Blessed are you when they revile and persecute you, and say all kinds of evil against you falsely for My sake. Rejoice and be exceedingly glad, for great is your reward in heaven, for so they persecuted the prophets who were before you. Matthew 5:11-12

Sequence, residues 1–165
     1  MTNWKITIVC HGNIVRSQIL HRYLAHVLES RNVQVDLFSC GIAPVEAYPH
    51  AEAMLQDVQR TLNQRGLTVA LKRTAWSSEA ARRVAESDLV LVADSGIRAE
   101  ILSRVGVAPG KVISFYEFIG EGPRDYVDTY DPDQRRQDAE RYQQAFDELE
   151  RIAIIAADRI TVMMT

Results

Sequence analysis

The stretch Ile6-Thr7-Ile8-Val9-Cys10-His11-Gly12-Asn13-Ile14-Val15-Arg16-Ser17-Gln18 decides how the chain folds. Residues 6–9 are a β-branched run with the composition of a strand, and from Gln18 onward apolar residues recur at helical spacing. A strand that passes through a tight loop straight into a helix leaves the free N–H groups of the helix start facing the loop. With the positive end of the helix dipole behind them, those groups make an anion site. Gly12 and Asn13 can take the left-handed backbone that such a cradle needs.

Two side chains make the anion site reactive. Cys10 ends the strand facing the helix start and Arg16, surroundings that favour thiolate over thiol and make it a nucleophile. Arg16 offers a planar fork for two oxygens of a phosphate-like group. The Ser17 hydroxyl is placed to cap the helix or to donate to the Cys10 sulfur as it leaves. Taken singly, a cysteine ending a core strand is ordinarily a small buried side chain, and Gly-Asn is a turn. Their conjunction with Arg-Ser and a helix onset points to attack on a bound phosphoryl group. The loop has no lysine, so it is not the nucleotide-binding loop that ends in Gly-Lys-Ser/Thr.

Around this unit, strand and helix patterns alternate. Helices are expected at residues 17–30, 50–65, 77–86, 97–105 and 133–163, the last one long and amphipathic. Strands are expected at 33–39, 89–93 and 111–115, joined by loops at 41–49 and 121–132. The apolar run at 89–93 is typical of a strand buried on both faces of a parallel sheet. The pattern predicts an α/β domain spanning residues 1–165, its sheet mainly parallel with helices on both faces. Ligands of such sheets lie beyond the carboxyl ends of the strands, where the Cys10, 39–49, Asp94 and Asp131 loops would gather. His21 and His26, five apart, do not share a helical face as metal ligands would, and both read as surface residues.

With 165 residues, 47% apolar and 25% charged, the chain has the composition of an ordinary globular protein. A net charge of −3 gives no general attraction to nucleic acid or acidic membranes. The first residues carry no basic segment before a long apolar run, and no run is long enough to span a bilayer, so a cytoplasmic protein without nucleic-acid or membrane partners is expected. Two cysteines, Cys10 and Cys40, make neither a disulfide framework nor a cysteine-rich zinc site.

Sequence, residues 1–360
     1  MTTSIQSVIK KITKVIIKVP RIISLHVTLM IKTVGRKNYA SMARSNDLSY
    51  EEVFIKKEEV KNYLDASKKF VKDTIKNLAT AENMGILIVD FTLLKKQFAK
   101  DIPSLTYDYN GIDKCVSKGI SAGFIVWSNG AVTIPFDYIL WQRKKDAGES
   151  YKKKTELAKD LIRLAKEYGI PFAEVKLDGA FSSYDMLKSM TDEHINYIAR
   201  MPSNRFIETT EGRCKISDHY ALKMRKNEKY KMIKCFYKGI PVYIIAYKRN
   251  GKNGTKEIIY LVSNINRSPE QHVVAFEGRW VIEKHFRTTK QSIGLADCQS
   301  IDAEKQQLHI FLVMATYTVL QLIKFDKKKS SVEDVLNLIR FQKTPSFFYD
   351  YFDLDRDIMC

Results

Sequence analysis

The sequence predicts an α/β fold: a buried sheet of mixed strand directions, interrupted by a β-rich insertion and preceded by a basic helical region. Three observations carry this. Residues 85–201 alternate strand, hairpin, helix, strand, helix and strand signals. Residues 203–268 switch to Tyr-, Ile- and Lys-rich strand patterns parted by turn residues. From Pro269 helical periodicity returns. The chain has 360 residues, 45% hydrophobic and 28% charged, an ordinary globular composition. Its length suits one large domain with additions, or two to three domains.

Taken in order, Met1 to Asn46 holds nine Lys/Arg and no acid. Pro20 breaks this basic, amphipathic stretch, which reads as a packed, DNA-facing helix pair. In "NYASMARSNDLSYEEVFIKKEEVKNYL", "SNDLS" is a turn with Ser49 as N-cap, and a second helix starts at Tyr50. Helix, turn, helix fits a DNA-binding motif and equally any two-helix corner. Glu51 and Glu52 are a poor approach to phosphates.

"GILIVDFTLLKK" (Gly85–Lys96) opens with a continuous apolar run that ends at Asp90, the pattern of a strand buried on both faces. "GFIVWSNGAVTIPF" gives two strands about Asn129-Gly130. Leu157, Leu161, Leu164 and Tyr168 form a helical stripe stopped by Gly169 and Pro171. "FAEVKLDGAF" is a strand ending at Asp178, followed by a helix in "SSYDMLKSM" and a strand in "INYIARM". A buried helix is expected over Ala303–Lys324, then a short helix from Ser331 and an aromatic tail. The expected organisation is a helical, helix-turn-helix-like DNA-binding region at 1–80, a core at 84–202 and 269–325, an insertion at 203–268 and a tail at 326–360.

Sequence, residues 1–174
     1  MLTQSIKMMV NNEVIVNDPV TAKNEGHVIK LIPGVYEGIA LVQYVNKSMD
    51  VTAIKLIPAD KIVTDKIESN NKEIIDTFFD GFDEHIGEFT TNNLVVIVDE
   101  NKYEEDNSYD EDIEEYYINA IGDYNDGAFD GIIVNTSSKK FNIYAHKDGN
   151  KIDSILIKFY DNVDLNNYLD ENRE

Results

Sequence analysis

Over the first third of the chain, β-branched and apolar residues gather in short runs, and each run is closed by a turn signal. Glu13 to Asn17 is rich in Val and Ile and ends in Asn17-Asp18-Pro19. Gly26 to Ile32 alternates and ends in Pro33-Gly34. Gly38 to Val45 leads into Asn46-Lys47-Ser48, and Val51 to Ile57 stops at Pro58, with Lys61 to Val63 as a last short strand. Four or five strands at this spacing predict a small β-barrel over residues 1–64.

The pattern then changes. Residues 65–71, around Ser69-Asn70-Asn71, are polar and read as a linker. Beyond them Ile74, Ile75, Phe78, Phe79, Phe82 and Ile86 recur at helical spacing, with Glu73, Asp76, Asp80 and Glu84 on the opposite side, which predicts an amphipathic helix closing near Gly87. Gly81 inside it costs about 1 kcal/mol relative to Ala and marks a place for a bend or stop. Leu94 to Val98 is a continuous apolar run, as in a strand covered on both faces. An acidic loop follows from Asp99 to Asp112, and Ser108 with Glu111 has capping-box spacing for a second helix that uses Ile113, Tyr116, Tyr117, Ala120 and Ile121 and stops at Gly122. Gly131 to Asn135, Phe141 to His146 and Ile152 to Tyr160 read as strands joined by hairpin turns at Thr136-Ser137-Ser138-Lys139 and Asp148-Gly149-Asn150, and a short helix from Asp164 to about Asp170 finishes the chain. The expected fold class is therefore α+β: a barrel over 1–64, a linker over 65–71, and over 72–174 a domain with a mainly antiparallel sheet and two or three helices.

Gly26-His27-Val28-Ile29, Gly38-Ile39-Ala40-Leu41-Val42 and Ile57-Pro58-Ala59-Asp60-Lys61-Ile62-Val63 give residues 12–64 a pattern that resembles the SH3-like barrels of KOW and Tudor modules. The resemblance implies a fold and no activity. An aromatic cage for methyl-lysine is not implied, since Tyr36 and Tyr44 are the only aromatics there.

There is a prophetic quality about disciples’ lives. They are testimonies to another kingdom, and they reveal the evil of people’s hearts. The fact that they have renounced secret sin, and are honest and sincere, produces resentment and persecution from those who are unwilling to follow the same pattern of life. If we remain without opposition, then we should question how genuinely our lives have changed. The temptation is to ‘go underground’ with our faith and try our best not to be offensive. The most endearing example of a witness is that of Naaman’s maid – 2 Kings 5:2-3. She must have lost relatives through the Syrians’ cruel invasion of Israel, and now she was a captive slave to this enemy General, with no hope of seeing her family and land again. But when she heard that her master was sick with leprosy, she joyfully told him that if only he would go to Israel, he would find a prophet of God who would minister healing to him. There is artless love, with no resentment, in this girl’s heart. She demonstrates boldness in speaking of her God without fear of rejection in the midst of a nation that was full of idolatry. Our lives should speak of a world where there are no lies, no shadows, no demons, no fears and no worries. We are prophets of another kingdom, and we show up this world for what it is – hollow and empty. Being persecuted means that our witness will often meet with rejection, but this is not a mark of failure, but a mark of the genuine quality of our lives. We do not pray for persecution, but we do pray for grace to be a prophetic witness of the Kingdom of God.
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